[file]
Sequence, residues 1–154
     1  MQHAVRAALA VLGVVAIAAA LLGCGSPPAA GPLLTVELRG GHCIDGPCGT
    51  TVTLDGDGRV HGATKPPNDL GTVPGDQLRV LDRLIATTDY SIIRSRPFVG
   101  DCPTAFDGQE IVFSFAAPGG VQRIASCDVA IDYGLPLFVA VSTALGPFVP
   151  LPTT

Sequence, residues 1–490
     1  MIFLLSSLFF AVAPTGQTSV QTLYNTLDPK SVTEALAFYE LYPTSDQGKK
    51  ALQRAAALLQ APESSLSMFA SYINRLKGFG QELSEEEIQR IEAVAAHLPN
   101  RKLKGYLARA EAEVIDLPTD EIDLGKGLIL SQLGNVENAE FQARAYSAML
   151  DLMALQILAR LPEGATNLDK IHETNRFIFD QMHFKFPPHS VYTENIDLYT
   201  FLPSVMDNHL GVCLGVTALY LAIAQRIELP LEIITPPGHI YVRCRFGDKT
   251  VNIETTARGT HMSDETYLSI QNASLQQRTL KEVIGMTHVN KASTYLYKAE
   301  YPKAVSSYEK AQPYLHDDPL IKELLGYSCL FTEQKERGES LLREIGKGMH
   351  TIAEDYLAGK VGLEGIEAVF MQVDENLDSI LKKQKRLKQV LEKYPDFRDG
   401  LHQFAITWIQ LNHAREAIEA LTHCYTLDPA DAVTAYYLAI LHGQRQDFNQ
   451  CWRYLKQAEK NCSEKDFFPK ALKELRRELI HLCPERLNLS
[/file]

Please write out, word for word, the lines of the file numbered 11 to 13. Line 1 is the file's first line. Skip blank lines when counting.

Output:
   201  FLPSVMDNHL GVCLGVTALY LAIAQRIELP LEIITPPGHI YVRCRFGDKT
   251  VNIETTARGT HMSDETYLSI QNASLQQRTL KEVIGMTHVN KASTYLYKAE
   301  YPKAVSSYEK AQPYLHDDPL IKELLGYSCL FTEQKERGES LLREIGKGMH